Authorized cairns like this one, which marks the entrance to a Utah campsite, is okay. Everything else is bad.
An authorized cairn like this one, which marks the entrance to a Utah campsite, is okay. Every other kind of cairn is bad. Doug Pensinger / GETTY IMAGES

Yesterday The New Yorker published a well-reported and, imo, extremely important article about the scourge of rogue cairn construction (i.e. stacking stones on top of one another for no fucking reason) in national parks.

If you've ever gone traipsing through the Cascades on a day-hike, you've likely encountered one of these quirky abominations—a little stack of stones squatting on a boulder, or on the ground just off the trail. Every time I see one I feel the need to destroy it. Why? For a lot of reasons.

• They confuse me. I need authorized cairns to tell me where the trail is and putting up random cairns risks leading me down the wrong path.

• I don't go into nature to see the work of man. I go into nature to see the work of god. (Plus, cardio.) Every time I see those little stacks of rocks I resent my fellow hiker for giving into the selfish and undemocratic impulse to "make your mark" in a place meant to be shared by all. And I don't want to hear any bullshit about how the trails are artificial. Obviously the trails are created by human beings. But human beings build them so we can all enjoy what's left of pristine nature in a relatively safe way, not so people can have yet another canvas on which to express themselves. Don't get me wrong—I love the expression of selves. But sometimes I get mortally tired of the whole racket and must run into the woods to refresh.

• Cairns are embarrassing, and people should be embarrassed to be caught building them. Natural processes build giant mountains and glaciers and rushing rivers—and these people build a cute little rock tower in response? These are the kind of people who carve hearts into trees and carry Bluetooth speakers on the trail. For shame.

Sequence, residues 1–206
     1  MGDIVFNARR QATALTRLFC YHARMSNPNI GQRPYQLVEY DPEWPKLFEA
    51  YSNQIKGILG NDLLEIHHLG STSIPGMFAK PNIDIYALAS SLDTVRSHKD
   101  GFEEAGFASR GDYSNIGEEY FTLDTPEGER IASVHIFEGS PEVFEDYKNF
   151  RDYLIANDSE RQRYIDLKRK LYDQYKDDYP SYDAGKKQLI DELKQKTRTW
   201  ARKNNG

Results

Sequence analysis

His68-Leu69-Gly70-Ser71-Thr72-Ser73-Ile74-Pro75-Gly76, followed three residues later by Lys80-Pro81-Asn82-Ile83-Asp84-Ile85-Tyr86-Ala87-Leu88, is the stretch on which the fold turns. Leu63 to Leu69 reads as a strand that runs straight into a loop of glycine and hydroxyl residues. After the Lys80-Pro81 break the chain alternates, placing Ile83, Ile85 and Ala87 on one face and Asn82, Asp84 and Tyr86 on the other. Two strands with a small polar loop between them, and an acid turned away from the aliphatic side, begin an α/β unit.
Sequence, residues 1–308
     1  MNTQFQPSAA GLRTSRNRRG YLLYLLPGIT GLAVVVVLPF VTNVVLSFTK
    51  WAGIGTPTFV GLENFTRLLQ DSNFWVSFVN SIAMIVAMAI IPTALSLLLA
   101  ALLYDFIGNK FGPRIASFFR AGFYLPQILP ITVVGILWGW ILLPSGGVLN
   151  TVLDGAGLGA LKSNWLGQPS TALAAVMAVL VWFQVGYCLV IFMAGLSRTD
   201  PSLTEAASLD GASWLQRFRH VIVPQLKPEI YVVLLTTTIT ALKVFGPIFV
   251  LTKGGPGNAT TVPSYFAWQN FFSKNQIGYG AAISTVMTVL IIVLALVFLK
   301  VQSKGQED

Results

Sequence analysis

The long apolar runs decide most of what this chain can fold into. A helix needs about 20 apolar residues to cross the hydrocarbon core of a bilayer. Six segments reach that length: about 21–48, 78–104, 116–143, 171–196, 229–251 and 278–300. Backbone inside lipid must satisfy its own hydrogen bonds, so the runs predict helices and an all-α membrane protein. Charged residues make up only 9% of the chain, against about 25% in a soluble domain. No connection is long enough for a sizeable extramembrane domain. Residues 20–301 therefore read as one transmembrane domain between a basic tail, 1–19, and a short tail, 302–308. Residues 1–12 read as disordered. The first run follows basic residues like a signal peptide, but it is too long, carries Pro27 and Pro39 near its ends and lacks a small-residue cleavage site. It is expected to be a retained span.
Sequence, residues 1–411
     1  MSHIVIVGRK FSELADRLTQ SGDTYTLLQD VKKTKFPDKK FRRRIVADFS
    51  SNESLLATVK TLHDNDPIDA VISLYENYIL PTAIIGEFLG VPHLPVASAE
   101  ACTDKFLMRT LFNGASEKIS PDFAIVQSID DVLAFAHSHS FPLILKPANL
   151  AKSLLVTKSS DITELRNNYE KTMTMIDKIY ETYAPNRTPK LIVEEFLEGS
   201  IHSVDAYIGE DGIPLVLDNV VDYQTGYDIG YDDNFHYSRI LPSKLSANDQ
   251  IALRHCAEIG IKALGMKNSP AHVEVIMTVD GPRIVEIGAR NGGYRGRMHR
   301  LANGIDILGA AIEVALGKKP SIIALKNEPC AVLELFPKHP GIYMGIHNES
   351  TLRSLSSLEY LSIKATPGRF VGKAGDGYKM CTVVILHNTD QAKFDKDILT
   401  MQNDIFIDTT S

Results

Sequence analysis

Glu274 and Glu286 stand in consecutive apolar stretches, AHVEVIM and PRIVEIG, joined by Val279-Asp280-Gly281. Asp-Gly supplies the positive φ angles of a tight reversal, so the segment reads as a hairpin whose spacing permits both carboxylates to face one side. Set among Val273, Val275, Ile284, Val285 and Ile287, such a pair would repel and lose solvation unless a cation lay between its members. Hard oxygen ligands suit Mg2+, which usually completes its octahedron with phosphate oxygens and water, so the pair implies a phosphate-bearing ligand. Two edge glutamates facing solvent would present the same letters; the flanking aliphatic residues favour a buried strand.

These three points of contention derive from the pain of personal experience, but in the New Yorker Sophie Haigney did the work and called some people to ask whether cairn-building is actually a menace to nature or just a personal gripe. As it turns out, stacking stones is a bit of a problem. A minor problem! But a problem nonetheless.

"Park rangers, environmentalists, and hikers have all become alarmed, to varying degrees," writes Haigney. "The movement of so many stones can cause erosion, damage animal ecosystems, disrupt river flow, and confuse hikers, who depend on sanctioned cairns for navigation in places without clear trails."

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As with all things, social media is making the problem worse. Haigney finds that Instagram users have been posting photos of their constructions to their feeds, which encourages others to stack more rocks in state parks, which turns "an activity that would be mostly harmless in isolation into something with planetary impact."

Representatives for the Washington Trails Association and the Washington State Parks and Recreation Commission haven't returned my requests for comment about how big of a problem this is in Washington, but I'll update this post with more when I hear back.

In the meantime, if you want this stone-stacking madness to end, you can send polite cease and desist messages—funnily enough—to people who post photos of their cairn creations online. In the meantime, you can find some delight and consolation by searching #cairnremoval on Instagram. I don't often contravene the teachings of Audre Lorde, but, in this case, the master's tools may be the only way to dismantle the master's house.

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